Due to the less water flowing into the Irrawaddy (Ayeyarwaddy) River, the river becomes shallower this year. This has affected the inland waterway along the river, with difficulties encountered by the ships ad boats that sail along Irrawaddy.
This year, the Irrawaddy is shallowest in last five years’ time. In some places (especially in Mandalay and Magwe Divisions) the river has to be closed to larger boats, according to one staff from Inland Waterway Transport Department. “The river has become shallower since last 6 to 7 years ago. However, this year is the worst. In some places the depth is not even two feet”, said he.
According to the Inland Waterway Transport Department of Myanmar, the shallowest points of Irrawaddy last year were 2 feet 6 inches between Myitkyina and Bamaw (130 miles), 3 feet 6 inches between Bamaw and Mandalay (277 miles), 5 feet between Mandalay and Pyay/Prome (334 miles) and 5 feet 6 inches between Pyay (Prome) and Hinthada/Hinzada (256 miles).
This year (2008 – 2009), water level in the Irrawaddy and Chindwin Rivers started to fall down since November 2008. Between Bamaw – Mandalay – Pyay sectors, the shallowest point is as shallow as 2 feet. This has prevented not only large boats from traveling along the river, but also the smaller vessels from running the length of Irrawaddy. Moreover, the current depths are those that normally occurs during the summer months of March and April, according to one staff from the government meteorological survey department.
“The water level drops down faster than the previous years. If the water level keeps on falling at this rate, it will be worse in summer. Unless the rain comes early, we might run into problem”, said he.
Irrawaddy is the largest river in Myanmar. It runs along the middle of the country from north to south. Of 2092 km. 80 percent of the total length is navigable for inland waterway transportation.
There are a total of 21 townships on the east bank of Irrawaddy, including Bamaw, Mandalay, Myingyan and Magwe. On the west bank are 17 townships including Myitkyina, Sagaing and Pakokku. Altogether there are a total of 38 townships along Irrawaddy River (not including those in the Irrawaddy Delta Region. Not surprisingly, Irrawaddy has been the most important river in Myanmar since ancient time, connecting the lower and the upper part of Myanmar.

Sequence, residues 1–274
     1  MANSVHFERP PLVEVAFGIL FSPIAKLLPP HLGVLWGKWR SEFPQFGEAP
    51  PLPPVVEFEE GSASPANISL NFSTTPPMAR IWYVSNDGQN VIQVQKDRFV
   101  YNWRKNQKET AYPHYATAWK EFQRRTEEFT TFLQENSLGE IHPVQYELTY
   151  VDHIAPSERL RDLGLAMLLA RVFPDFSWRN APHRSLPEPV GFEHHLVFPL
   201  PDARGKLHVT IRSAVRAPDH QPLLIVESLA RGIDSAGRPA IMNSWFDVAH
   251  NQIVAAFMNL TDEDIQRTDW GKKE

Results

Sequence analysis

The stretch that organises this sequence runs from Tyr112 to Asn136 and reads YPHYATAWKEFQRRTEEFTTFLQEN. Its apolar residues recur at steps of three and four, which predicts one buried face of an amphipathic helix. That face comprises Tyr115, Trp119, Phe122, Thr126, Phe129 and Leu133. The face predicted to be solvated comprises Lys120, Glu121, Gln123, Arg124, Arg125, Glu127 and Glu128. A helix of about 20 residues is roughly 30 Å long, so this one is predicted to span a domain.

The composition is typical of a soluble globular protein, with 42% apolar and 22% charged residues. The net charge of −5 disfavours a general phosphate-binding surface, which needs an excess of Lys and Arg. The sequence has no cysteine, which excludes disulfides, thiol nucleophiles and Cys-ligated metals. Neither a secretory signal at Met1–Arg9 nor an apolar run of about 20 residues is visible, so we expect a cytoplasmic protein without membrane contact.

Nowadays, there are so many sand dunes along Irrawaddy, especially the middle part of the river. Many of these sand dunes are getting bigger and bigger each year. This has slowed down the boats resulting in longer time to travel. Moreover, boats can now carry only half the normal carrying capacity due to shallower water. Thus, transportation of goods and people along Irrawaddy is severely hindered, affecting the business along the river, according to one sailor from a boat that carries goods along Irrawaddy.
One inhabitant of Nyaung Oo also said they have been using Irrawaddy water since the time of their ancestors, but now, it is difficult to get enough water from Irrawaddy. “Nowadays, we had to travel about ten miles to get clean water”, said he.
According to one ecologist, the reasons for the lower water level in Irrawaddy are deforestations in the upper part of the river, landslides, excessive mining activities as well as excessive oil drilling activities. “It is now an important time to preserve Irrawaddy. You cannot deny this. Irrawaddy is very important for the life of people in Myanmar”, said he.
Some environmentalists say the reason for changes in Irrawaddy is due to the constructions of dams along the river. Since 1988, Myanmar government has constructed 129 dams all over Myanmar.